- Management – ½ to ¾ page. You shouldn’t skimp on tooting your own horn. This section typically has a paragraph or two that highlights the accomplishments of the most important team members followed by a table that summarizes their experience.
- Financials – 1/3 to ½ page. You should cover: (1) How you have been funded to date and how much money you want to bring in; (2) your key revenue drivers, and (3) key cost drivers. You should include a graphic that provides a picture and summary table of financial performance going out 4 to 5 years.
- The 5-10+ Pager – is basically a mini-business plan. It covers all of the topics included in the 2 to 3 pager but in more depth. You should view the 5-10+-pager as the opportunity to go deeper into what your believe are your “difference makers” — the one to three areas that are really important to success of the business, where you believe you have an advantage. For example, you might choose to go deep in describing how your product works or how revolutionary your underlying technology is. Or you might spend an entire page extolling the virtues of your management team if you believe that it is particularly strong. The bottom line is, investors should understand not only what you are going to do, but also how you are going to it. If you’re writing this document, make sure that the first page is the 1 pager I mentioned earlier.
So – which type of summary should you write? The answer is: It depends. Generally, you can hand out a 1-pager to just about anyone. It doesn’t give away too much information and can create a pretty good level of interest. The 2 to 3-pager is the most popular form of Executive Summary, because it provides more information and context than a 1-pager but can still be read in under five minutes. The longer document provides the most decision-making information and is generally shared with investors that are pre-briefed on the Company.
The DOs and DON’Ts of Writing a Summary
As you might expect, there are a bunch of DOs and DON’Ts to follow when you write your summary. In no particular order, here they are:
Write all of your investment documents at the same time.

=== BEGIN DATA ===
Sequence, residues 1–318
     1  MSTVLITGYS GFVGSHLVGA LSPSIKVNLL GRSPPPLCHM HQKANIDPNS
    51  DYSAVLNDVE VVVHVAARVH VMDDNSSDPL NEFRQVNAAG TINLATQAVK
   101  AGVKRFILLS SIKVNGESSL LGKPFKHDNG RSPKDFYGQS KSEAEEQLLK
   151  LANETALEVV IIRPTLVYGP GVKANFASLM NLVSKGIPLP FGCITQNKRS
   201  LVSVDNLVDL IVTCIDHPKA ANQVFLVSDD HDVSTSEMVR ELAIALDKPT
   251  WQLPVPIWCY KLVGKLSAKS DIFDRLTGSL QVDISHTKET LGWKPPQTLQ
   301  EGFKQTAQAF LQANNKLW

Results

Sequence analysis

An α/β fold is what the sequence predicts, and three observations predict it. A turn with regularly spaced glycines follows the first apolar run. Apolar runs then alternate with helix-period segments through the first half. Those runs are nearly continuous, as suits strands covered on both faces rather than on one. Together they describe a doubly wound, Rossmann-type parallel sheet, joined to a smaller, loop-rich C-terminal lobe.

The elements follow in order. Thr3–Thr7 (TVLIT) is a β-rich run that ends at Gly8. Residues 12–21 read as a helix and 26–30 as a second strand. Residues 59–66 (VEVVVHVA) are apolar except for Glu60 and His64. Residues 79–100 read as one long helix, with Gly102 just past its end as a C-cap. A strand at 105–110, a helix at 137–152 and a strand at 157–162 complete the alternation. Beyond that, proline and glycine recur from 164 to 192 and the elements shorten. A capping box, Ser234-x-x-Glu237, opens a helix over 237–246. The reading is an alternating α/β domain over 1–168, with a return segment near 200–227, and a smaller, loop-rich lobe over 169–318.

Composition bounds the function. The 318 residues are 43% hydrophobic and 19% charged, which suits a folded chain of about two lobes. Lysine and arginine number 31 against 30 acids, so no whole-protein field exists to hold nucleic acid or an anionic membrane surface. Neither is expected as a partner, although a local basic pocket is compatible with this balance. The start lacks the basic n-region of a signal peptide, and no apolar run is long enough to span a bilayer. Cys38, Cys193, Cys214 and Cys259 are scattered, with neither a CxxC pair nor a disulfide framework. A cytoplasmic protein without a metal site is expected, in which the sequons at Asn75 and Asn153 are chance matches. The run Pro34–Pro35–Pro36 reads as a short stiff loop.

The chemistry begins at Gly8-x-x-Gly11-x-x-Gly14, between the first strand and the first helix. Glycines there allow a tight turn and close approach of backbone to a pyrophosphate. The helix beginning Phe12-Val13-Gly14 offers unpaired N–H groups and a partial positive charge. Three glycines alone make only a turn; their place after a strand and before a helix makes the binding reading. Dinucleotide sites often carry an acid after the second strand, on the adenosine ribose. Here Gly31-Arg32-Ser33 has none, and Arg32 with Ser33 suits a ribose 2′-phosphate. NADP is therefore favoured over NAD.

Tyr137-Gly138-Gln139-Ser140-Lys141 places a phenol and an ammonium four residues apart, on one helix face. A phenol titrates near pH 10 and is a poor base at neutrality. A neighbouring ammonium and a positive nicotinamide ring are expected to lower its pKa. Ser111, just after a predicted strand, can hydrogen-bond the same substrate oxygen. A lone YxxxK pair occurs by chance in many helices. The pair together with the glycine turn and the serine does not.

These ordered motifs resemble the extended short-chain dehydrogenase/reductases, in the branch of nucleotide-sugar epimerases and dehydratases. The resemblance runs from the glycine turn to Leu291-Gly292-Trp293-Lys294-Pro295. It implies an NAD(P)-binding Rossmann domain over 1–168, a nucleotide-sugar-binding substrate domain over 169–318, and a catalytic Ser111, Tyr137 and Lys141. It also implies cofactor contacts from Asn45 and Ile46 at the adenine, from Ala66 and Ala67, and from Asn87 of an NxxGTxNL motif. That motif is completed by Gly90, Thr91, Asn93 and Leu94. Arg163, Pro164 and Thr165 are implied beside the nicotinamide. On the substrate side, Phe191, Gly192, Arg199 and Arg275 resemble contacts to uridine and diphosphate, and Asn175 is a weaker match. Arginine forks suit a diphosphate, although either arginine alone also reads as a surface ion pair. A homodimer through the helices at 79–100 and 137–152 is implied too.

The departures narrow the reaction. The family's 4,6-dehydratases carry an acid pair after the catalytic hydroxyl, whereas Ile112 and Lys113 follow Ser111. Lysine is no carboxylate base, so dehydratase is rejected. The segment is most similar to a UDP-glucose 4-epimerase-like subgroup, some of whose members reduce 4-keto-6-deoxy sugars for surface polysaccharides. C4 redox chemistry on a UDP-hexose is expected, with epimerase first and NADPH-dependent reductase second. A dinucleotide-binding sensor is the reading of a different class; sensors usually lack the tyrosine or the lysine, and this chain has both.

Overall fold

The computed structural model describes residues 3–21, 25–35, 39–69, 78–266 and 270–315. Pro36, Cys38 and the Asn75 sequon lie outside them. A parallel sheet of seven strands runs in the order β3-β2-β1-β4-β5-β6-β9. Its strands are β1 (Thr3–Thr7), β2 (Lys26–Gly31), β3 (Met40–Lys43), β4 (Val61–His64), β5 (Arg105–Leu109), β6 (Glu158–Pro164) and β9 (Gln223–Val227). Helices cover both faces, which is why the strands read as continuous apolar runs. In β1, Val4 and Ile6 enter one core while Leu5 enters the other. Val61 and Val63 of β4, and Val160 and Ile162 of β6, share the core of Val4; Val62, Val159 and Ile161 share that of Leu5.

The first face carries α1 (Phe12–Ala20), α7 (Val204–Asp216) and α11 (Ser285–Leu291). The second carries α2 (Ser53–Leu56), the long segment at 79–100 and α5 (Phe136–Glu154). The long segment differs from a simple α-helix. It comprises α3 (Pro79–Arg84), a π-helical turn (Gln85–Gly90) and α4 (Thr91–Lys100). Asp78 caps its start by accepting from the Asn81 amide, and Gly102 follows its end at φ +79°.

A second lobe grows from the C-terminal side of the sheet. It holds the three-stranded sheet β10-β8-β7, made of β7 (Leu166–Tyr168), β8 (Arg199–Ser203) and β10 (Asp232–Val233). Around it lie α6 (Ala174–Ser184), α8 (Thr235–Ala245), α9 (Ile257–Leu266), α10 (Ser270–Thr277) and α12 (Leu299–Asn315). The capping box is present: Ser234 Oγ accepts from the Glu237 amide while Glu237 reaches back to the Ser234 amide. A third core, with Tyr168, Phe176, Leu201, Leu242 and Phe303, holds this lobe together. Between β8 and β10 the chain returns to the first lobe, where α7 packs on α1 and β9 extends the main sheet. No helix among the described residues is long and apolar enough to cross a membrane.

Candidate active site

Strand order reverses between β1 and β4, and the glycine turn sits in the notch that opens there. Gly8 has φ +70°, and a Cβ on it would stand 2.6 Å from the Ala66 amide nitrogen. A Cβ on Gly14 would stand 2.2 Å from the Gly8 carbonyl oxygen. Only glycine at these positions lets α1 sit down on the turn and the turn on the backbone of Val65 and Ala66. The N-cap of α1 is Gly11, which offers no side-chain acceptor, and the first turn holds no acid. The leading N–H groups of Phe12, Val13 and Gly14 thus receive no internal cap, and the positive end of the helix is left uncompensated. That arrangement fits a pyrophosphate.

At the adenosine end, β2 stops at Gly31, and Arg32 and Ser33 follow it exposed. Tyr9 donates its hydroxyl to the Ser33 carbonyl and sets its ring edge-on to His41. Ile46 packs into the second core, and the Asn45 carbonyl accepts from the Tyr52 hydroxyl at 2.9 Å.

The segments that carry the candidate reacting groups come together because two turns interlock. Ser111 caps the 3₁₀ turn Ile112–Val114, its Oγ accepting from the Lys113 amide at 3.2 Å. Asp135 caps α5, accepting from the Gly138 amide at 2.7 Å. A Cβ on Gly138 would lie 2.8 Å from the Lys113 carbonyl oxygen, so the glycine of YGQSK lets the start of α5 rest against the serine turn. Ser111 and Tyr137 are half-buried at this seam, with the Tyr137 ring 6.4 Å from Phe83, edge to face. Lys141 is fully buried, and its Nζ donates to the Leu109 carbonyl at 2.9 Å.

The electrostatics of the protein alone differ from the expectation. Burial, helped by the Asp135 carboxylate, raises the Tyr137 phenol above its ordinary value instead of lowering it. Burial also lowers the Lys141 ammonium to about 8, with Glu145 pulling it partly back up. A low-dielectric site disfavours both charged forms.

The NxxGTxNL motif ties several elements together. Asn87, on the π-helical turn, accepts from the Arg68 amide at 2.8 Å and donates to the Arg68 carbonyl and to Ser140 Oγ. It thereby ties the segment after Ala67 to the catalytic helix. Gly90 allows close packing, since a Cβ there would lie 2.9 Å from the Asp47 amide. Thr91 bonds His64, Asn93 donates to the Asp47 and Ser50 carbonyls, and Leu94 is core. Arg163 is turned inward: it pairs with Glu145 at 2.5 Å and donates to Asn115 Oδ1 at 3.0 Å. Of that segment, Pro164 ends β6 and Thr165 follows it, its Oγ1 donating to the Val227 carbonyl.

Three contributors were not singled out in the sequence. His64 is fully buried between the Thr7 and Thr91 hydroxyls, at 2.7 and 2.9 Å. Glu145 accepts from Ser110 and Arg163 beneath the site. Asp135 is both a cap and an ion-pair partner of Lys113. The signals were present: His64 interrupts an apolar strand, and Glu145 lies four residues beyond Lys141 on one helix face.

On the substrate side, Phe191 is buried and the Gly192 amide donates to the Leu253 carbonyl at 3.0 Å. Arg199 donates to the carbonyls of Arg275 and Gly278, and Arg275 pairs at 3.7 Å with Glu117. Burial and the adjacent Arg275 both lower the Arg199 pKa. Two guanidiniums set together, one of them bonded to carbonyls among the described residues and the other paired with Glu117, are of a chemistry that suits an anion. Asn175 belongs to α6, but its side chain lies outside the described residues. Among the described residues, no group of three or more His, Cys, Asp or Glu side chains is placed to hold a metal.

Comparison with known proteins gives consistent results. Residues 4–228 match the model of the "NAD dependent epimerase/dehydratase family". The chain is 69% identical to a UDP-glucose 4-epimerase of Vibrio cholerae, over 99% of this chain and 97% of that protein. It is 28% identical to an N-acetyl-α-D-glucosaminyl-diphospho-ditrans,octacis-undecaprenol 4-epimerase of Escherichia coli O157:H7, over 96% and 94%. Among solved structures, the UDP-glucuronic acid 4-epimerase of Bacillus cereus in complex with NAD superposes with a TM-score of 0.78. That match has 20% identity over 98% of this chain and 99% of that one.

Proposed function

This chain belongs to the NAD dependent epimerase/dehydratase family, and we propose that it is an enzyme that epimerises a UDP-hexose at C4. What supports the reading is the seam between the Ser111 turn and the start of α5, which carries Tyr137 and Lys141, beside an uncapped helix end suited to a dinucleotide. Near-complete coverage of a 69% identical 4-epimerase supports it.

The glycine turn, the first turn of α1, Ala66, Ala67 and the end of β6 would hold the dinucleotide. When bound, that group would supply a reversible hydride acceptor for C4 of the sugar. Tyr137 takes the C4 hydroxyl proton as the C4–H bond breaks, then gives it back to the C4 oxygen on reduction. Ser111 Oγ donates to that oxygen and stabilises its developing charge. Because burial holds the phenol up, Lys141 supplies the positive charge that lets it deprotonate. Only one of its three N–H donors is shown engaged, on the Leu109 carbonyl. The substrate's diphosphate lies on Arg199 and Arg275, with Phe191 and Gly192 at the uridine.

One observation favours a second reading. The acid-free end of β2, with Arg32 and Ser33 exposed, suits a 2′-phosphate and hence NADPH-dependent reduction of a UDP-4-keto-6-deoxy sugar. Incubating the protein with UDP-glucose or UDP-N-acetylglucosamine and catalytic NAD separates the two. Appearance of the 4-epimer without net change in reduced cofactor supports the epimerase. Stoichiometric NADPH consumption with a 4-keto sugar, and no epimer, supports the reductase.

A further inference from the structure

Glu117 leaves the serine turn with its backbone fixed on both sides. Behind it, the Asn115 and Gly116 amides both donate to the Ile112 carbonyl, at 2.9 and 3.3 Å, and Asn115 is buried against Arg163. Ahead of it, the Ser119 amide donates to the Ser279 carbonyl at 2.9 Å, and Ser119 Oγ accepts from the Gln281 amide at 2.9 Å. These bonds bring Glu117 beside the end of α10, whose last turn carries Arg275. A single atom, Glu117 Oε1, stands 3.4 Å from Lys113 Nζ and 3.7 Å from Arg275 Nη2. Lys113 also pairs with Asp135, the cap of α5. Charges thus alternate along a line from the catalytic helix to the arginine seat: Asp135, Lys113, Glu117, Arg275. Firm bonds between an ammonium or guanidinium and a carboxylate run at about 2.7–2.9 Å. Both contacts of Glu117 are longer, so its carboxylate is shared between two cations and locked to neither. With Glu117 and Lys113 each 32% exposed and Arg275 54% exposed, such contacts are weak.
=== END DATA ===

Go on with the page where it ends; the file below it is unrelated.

- If there is an investor that’s hot to trot, this isn’t always possible; however, by writing all of your documents at the same time, you tell a consistent story in increasing levels of detail as investors move through the funding cycle.
Write the executive summary last – if possible.
- You want to write the summary right before you go out for investment when you have the most possible knowledge about your company. If you write it before the rest of your documents, you’ll be rewriting it substantially at the end – guaranteed – to reflect all those new things you learned.
Write one version, not custom versions for each investor.
- Part of attracting investment is learning to tell your story effectively – over and over and over again…. For the most part, investors have to like your story and embrace your vision, because they won’t be running your company – you will. It’s possible that your summary won’t inspire an ATM deposit and you’ll have to change it, but, generally, you do that after several meetings and 6 to 8 weeks, not one meeting with one investor and 6 to 8 hours.
Make sure your team can enthusiastically tell the story.
- Usually, the CEO is best at spinning the tale; however, your team members meet people in their travels all the time. Everyone in your small company needs to be able to tell a consistent version of your story. Suppose there are three key things that you believe investors should know about your company. Let’s call them things A, B, and C. You might talk about those things in A, B, C order. Your CTO might discuss them as C, A, B, because C happens to be about the great, whiz-bang technology she has developed. The Sales VP might be with B, C, A, because B is really important to customers. The bottom line is, everyone needs to say approximately the same thing in his or her own way.
Get feedback before you swing for the fences.
- It’s definitely good when your entire team believes in your story, but there is such a thing as “drinking your own Kool-Aid.” You live most of your waking hours worrying about your business. Make sure you get a good set of reviews from trusted associates, friends, and advisors and incorporate the comments before your summary zips on its way to dozens or hundreds of people through the magic of the Internet.
Avoid using lots of jargon.
- How many SaaS tools revolutionize business processes? Yeah, way too many…. Remember that most investors aren’t technologists. They are financial and operating executives. They want to know three things: (1) How you’ll make money, (2) what about your offering is unique, and (3) how they’ll exit making goo-gobs of loot themselves.
Over-hyping kills deals.